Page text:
Table 4: Details of cases with ventriculomegaly associated with other central nervous system (CNS) malformations

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Table 5: Details of cases with ventriculomegaly associated with non-central nervous system. (CNS) malformations

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In 73 cases with CNS malformations, foetal karyotyping was done and of these six foetuses had chromosomal anomalies. [Table 6] lists details of foetuses with chromosomal abnormalities and CNS malformations. The chromosomal anomalies detected were- trisomy 21 (2), trisomy 18 (1) and chromosome 13 structural anomaly in three cases (2- chromosome 13 long arm-13q deletion and 1- balanced translocation between chromosome 2 and 13). Foetal autopsy findings were available for 48 foetuses. Foetal autopsy identified additional findings in eight of the 43 foetuses, by providing additional information about malformations or dysmorphic features. Six of them had chromosomal anomalies. Autopsy alone changed aetiological diagnosis in two cases. In one of them, USG detected DWM and polydactyly, but foetal examination after delivery showed facial dysmorphism consistent with the diagnosis of Cornelia de Lange syndrome [Figure 2]. In another case, prenatal USG detected lumbar meningocele with oligohydramnios and foetal autopsy showed sirenomelia, absent kidneys and unilateral radial ray defect. Foetal dysmorphism in first case was not detectable on prenatal ultrasound, and in the second case, the poor visibility due to oligohydramnios was the reason for missing associated limb and renal malformations.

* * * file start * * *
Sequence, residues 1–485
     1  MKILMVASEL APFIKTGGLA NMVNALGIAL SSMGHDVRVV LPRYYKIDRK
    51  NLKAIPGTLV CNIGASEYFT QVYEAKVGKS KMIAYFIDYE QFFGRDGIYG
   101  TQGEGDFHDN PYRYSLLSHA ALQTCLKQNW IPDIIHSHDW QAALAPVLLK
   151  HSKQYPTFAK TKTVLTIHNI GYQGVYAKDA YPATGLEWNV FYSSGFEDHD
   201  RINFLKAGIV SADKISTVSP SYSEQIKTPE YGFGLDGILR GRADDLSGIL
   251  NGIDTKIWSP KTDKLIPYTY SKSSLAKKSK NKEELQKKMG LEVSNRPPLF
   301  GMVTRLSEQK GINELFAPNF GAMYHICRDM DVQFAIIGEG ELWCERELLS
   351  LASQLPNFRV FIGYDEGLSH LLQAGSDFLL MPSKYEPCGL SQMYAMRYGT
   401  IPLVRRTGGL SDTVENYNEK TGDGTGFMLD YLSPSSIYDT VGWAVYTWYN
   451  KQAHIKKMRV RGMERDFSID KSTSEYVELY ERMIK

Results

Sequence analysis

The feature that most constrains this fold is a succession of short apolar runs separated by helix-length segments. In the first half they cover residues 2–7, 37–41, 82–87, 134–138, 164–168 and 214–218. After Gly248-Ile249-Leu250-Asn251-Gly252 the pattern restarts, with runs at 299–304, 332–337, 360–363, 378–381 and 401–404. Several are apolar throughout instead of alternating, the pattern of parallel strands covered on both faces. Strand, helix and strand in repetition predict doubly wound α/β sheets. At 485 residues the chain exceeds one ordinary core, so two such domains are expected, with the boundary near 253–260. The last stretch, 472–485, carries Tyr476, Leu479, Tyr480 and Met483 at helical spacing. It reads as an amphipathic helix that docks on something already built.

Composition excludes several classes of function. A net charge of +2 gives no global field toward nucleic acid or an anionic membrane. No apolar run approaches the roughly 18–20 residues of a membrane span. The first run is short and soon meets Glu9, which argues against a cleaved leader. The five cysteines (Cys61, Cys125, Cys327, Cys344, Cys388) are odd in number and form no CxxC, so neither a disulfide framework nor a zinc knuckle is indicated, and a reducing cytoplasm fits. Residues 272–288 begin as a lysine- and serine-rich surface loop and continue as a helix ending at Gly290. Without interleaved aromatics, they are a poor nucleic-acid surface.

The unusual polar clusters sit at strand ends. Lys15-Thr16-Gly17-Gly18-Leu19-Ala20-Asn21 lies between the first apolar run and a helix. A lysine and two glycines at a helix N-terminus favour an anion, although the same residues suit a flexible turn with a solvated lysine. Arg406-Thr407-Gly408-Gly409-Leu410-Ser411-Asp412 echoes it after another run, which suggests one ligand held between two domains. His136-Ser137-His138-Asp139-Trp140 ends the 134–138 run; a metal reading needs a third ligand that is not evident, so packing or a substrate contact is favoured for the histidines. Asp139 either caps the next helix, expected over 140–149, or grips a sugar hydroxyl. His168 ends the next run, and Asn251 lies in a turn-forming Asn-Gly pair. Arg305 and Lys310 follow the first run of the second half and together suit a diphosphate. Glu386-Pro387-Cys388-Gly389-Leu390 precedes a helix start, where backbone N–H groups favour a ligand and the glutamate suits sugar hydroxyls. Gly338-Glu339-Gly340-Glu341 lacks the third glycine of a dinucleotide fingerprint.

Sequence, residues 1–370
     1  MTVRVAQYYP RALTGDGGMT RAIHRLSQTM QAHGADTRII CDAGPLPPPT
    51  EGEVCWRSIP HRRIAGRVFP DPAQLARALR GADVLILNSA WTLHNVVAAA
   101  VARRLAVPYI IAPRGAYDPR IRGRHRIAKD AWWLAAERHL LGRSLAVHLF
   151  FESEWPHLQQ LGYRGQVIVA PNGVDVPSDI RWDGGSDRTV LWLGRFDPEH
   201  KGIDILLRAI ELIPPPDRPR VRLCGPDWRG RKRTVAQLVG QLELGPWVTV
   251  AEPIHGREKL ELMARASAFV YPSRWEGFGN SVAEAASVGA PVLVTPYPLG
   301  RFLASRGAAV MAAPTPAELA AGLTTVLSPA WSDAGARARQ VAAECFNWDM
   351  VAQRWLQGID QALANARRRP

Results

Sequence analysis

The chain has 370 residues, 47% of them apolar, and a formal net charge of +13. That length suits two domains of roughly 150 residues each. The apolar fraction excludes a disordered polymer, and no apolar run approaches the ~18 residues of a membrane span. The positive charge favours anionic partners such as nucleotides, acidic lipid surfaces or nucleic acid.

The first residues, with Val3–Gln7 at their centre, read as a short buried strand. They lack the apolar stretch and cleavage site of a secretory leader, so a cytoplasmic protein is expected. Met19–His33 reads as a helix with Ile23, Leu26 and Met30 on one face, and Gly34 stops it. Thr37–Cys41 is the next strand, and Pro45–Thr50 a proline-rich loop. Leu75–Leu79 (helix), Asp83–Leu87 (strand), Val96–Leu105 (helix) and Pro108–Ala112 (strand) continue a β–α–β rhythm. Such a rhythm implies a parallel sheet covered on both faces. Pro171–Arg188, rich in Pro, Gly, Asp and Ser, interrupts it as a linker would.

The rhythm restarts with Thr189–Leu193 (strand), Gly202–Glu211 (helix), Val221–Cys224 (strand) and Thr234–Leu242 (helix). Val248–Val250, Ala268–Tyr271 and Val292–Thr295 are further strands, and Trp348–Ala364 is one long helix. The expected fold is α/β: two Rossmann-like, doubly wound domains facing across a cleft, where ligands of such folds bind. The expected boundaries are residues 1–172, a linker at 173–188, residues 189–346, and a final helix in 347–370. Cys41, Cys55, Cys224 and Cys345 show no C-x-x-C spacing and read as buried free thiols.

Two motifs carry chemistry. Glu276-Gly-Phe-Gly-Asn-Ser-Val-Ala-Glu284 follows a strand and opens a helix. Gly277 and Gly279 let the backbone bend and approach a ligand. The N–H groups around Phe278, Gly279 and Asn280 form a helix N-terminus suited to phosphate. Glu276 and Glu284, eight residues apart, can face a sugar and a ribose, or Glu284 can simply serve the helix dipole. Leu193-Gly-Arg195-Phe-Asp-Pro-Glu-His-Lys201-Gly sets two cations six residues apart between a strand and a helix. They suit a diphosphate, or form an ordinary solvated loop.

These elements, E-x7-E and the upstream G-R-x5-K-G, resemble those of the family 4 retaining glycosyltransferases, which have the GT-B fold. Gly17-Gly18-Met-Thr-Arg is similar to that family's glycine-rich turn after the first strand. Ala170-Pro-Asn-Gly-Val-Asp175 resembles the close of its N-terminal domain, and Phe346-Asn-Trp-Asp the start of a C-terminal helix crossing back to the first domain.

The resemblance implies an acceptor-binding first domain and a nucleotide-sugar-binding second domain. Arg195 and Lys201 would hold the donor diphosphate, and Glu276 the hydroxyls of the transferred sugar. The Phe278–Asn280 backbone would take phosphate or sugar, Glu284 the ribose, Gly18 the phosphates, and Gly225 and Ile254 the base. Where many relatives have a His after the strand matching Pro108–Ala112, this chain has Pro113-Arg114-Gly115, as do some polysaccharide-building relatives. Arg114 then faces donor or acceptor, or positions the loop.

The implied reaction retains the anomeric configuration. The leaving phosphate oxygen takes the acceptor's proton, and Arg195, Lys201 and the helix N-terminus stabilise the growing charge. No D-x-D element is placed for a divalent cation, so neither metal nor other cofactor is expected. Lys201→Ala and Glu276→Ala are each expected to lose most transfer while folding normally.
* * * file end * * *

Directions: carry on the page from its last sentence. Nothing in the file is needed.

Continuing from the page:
Table 6: Details of foetuses with chromosomal abnormalities and central nervous system (CNS) malformation

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Figure 2: (A) Prenatal ultrasonography showing thickened subcutaneous space in frontal region. (B) Prenatal ultrasonography showing postaxial extra digit. (C and D) Foetus showing polydactyly and facial dysmorphism consistent with the diagnosis of Cornelia de Lange syndrome.

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   Discussion Top

Prenatal diagnosis, especially during the first half of pregnancy, provides a way of prevention of birth of an infant with major malformation with poor prognosis for survival. Here, we reviewed the data of a tertiary care centre in India regarding prenatal detection of CNS malformations. The limitations of this study were small sample size and involving a, single tertiary centre, which was not representative of general population-based data at primary or obstetric care facilities. Also, the study did not look at the sensitivity of USG-based diagnosis.

In this study, 12.7 per cent of total USG cases showed malformations and 243 of them (31.64% of total malformation) involved CNS. NTDs (52.2%), ventriculomegaly (25.9%) and midline abnormalities (18.1%) accounted for most of the CNS malformations. A study by Babu and Pasula[1] had a small number of foetuses with anomalies but 45 per cent of them (17 out of 38) had CNS malformations.